Etymology
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quire (n.2)

an early form and later variant spelling of choir (q.v.), Middle English, from Old French quer, queor, variants of cuer, and compare Medieval Latin quorus, variant of chorus.

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Quirinal 

royal palace in Rome, later the Italian presidential palace, 1838, from Mons Quirinalis in Rome (one of the seven hills, site of a former Papal palace), from Quirinus, said to be the divine name of Romulus, but rather one of the original trinity of Roman gods, assimilated to Mars. His feast (Quirinalia) was Feb. 17, the day Romulus was said to have been translated to heaven. Used metonymically for "the Italian civil government" (1917), especially as distinguished from the Vatican.

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quirk (n.)

1560s, "a quibble, an artful evasion," a word of unknown origin, perhaps connected to German quer (see queer (adj.)) via the notion of twisting and slanting; but its earliest appearance in western England dialect seems to argue against this as its source. Perhaps originally a technical term for a twist or flourish in weaving. Sense of "peculiarity" is c. 1600.

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quirky (adj.)

1806, "shifty, abounding in quirks, irregular," from quirk (n.) + -y (2). Sense of "idiosyncratic" is attested by 1960. In the older sense, quirkish is from 1670s. Related: Quirkily; quirkiness.

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quirt (n.)

"short-handled braided leather riding whip" used in the Western U.S.,, 1845, from Mexican Spanish cuarta "rope," related to Spanish cuerda "rope," from Latin corda (see cord (n.)).

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quisling (n.)

"national traitor," especially during World War II in Nazi-occupied countries, "collaborationist," 1940, from Vidkun Quisling (1887-1945), Norwegian fascist politician who headed the puppet government during the German occupation of Norway in World War II; shot for treason after the German defeat. First used in London Times of April 15, 1940, in a Swedish context.

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quit (v.)

c. 1200, quiten, "to repay, discharge" (a debt, claim, etc.), from Old French quiter "to clear, establish one's innocence;" also transitive, "release, let go; absolve, relinquish, abandon" (12c., Modern French quitter), from quite "free, clear, entire, at liberty; discharged; unmarried," from Medieval Latin quitus, quittus, from Latin quietus "free" (in Medieval Latin "free from war, debts, etc."), also "calm, resting" (from PIE root *kweie- "to rest, be quiet").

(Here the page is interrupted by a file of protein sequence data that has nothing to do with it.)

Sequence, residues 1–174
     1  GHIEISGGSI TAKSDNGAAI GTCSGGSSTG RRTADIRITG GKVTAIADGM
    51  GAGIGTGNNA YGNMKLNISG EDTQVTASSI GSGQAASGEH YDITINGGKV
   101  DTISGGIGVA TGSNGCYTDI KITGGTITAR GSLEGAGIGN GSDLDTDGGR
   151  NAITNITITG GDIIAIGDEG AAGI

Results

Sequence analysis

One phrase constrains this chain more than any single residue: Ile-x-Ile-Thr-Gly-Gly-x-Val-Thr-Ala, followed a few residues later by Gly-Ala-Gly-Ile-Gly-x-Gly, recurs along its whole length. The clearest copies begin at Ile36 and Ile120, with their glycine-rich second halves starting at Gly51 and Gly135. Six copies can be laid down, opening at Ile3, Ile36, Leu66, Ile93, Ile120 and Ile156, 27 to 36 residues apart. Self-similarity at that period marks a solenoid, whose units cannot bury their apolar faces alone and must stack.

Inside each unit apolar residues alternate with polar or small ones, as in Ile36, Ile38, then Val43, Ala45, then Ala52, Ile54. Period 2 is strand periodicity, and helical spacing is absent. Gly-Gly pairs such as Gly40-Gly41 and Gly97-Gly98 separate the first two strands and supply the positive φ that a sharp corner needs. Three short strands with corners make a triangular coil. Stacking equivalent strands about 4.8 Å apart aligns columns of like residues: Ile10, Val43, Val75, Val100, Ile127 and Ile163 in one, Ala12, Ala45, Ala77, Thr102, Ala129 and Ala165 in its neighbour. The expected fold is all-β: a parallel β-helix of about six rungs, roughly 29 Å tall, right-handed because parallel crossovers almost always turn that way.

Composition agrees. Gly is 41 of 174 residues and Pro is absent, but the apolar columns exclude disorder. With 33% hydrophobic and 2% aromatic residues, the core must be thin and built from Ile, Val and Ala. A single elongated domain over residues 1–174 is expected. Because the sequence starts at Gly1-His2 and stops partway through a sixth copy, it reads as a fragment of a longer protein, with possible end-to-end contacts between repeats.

Meaning "to reward, give reward, repay" is from mid-13c., that of "take revenge; to answer, retort" and "to acquit oneself" are late 14c. From c. 1300 as "to acquit (of a charge), declare not guilty."

Sense of "to leave, depart from, go away from" is attested by late 14c.; that of "stop, cease" (doing something) is from 1640s. Meaning "to give up, relinquish" is from mid-15c. Related: Quitted; quitting. Quitting time "time at which work ends for the day" is from 1835.

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quit (adj.)

c. 1200, "excused, exempt, free, clear" (of debt, obligation, penalty, etc.), from Old French quite, quitte "free, clear, entire, at liberty; discharged; unmarried," and directly from Medieval Latin quitus, quittus, from Latin quietus "free" (in Medieval Latin "free from war, debts, etc."), also "calm, resting" (from PIE root *kweie- "to rest, be quiet").

From mid-13c. as "deprived of." From c. 1300 of real property, "exempt from taxes or other dues or claims."

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quitclaim (n.)

in law, "a relinquishing of a legal right or claim, a deed of release," c. 1300, from Anglo-French quiteclame; see quit (v.) + claim (n.). Compare Old French clamer quitte "to give up (a right)." Related: Quitclaimance.

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quite (adv.)

c. 1300, "completely, altogether, entirely, wholly," adverbial form of Middle English quit, quite (adj.) "free, clear" (see quit (adj.)). Originally "thoroughly;" the weaker sense of "fairly" is attested from mid-19c. For quite a few, etc., see few (adj.). In Middle English the adverb also could be quitely, quitelich, quitli (c. 1300).

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